I can honestly say that I do not remember charging even $1 to a credit card that I was not planning to spend anyway. I NEVER use a credit card to purchase anything on time, always pay the balances off in full each month except for leaving small amounts on to show activity. I pay every bill I can with a credit card (which are all bills I have to pay anyway) strictly to receive the cashback. I feel like I am cheating myself if I am not pursuing a cashback on things that I am absolutely going to pay anyway whether I use a credit card or not. It simply allows me to achieve the purchase at a discount so not pursuing it from my perspective is like throwing away money. I never charge anything that does not give me a minimum of 2% cashback. After I receive my latest double cashback from my Discover Miles card in June (which should be in excess of $2000 including the doubling), I will have received in total cashbacks in excess of $6000 over the past three years, all for bills and purchases I was going to make regardless of wheather I had a single credit card. All my cashbacks ultimately gets deposited to my Schwab brokerage account that I trade myself. Since I consider this to be my play money and have some limited knowledge about trading stocks, I tend to trade it aggressively and somewhat speculatively and have been fortunate/luckly enough to leverage it into a net $2500 to $3000 per year of extra spending money without eating into my cashback principle. I obviously have to pay taxes on the brokerage profits but it's worth it. To each his own but using my credit cards in this manner is fun and profitable for me.
Hello Rockup! You have done what the OP asked and carefully looked at whether there was any possibility that purchasing primarily with credit cards might lead you to spend more than you otherwise would.
The fact that you have never spent even $1 more ever than you would if you paid with cash -- is awesome for you. It also makes you different than most people. Most people spend more with CCs. That's been shown by psychologists (though I can't lay my fingers on the studies right now).
The key thing is to "know thyself" (as the Delphic oracle recommended over 2000 years ago).
PS. I too buy pretty much everything with CCs and leverage their rewards packages. I just have to really aggressively monitor each purchase, and I sometimes fail (as with the example I gave earlier about the restaurant). The convenience of CCs (and protection against loss and theft) outweighs for me the loss I experience via overspending.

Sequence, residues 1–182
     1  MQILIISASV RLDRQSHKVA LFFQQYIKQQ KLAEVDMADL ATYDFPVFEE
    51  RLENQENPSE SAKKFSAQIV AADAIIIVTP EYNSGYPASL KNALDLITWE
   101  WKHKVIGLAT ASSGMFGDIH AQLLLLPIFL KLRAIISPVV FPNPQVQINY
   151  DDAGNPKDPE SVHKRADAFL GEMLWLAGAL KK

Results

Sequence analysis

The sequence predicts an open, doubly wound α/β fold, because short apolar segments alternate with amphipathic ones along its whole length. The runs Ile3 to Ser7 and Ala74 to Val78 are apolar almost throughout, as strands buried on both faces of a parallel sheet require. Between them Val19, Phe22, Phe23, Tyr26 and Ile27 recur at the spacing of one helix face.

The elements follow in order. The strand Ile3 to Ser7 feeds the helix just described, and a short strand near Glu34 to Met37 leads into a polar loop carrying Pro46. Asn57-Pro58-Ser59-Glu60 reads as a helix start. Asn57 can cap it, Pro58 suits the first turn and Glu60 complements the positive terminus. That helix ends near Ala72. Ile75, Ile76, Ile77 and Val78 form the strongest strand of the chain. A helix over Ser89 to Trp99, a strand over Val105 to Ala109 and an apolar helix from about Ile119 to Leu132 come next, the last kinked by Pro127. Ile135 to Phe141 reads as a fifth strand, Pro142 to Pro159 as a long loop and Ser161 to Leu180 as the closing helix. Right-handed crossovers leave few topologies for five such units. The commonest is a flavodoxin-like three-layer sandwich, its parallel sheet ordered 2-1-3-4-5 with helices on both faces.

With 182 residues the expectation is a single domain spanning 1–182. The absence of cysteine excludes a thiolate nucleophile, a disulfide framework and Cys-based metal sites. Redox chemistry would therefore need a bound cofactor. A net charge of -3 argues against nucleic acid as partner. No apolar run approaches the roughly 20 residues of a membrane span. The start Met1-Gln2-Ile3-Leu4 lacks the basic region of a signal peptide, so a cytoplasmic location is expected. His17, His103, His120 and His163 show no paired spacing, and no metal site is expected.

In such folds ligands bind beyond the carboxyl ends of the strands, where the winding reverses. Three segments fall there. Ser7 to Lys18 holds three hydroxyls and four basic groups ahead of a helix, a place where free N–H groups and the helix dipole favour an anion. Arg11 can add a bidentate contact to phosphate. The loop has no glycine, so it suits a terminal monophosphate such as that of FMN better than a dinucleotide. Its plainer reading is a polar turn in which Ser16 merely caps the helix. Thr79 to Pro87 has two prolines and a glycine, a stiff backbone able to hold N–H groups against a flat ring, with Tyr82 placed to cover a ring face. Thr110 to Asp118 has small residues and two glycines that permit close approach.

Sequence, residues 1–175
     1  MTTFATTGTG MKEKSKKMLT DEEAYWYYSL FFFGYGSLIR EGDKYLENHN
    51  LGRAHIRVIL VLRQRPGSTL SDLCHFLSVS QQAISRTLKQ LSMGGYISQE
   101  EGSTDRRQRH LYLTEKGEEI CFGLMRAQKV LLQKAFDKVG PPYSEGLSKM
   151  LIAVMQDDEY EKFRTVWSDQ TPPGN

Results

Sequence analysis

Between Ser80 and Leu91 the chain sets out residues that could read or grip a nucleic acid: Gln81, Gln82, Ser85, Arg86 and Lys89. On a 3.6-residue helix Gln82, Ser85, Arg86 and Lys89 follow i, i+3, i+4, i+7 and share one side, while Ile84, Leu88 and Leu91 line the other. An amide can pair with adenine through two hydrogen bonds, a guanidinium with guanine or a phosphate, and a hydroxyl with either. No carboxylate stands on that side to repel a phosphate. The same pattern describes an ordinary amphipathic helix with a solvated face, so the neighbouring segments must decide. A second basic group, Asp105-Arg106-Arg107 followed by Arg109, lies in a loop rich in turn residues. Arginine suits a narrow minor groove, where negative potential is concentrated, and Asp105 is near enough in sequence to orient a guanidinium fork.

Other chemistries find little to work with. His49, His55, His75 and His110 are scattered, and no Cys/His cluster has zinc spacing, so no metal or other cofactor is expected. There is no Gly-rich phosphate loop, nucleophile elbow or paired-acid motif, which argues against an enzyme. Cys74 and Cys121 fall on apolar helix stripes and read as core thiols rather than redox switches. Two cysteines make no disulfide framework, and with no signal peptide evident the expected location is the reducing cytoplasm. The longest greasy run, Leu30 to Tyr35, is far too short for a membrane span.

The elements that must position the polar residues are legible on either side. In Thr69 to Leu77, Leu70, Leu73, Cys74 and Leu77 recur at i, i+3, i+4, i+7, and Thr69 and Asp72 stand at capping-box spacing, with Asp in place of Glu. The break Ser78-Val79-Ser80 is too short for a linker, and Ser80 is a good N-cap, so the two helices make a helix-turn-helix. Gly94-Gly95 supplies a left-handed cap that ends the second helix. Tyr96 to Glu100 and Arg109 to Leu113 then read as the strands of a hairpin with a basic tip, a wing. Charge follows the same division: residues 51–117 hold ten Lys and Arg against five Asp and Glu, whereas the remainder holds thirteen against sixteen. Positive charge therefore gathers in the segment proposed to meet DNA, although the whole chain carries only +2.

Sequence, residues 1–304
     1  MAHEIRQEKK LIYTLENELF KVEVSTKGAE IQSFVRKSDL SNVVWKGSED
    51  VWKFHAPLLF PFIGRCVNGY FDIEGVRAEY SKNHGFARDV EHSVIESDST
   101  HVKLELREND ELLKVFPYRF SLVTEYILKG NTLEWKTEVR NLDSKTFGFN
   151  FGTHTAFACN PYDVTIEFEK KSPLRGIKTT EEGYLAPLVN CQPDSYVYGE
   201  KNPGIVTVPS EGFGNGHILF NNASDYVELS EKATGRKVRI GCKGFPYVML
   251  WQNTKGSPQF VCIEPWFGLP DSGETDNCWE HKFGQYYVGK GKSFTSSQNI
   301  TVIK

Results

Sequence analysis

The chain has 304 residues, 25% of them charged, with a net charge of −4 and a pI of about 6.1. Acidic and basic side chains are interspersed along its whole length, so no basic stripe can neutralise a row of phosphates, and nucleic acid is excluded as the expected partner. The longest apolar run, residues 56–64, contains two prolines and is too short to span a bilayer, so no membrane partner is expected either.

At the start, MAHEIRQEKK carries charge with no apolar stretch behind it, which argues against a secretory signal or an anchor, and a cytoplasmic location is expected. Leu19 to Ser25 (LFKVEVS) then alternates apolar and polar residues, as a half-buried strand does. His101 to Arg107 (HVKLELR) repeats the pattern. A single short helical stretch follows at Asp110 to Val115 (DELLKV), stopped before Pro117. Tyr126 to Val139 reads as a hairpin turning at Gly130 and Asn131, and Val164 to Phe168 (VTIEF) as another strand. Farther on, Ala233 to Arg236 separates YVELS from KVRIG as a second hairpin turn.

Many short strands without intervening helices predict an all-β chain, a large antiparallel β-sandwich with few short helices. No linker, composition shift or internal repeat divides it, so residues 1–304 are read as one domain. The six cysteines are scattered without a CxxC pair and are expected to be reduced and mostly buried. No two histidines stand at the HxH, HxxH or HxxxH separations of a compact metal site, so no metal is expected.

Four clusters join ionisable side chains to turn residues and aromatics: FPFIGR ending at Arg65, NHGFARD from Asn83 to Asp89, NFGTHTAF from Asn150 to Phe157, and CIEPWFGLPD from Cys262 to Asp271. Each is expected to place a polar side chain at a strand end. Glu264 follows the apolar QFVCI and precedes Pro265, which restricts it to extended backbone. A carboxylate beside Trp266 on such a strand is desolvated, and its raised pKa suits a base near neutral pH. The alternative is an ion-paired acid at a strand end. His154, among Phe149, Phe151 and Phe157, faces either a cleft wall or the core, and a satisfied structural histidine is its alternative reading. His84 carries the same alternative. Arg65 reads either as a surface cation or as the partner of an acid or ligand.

good, points could not agree more.
I just use a credit card as a convenience to cash and have bills(geico, home insurance, cable so on) going to a credit card.
At 58, i'm done with credit cards and points for the most part. Got burned in 2009 bad and learned my lesson.
You are exactly right Credit Guy about "knowing thyself". I did not always have control over my spending as is the case for most people who frequent this forum. I filed for Chapter 13 in 2007, was discharged in 2011 and had the last baddie drop off my reports a couple of months ago. My scores for all the agencies have risen from the low 600's to 800+ in my most recent reports. My credit recovery journey was a long and disciplined process with many lessons and suggestions taken from the combined expertise in this forum. By no means am I suggesting that my approach is for everyone. I just have a whole difference perspective about debt/credit now. For me it was useful to think about it a little bit like a successful weight loss programs. A good diet can work or a good exercise routine can work but to get substained on going results usually requires a fundemental change in approach that ultimately has to become very routine so its just a natural part of what you do.
My best to all on their journey with whatever approach works for you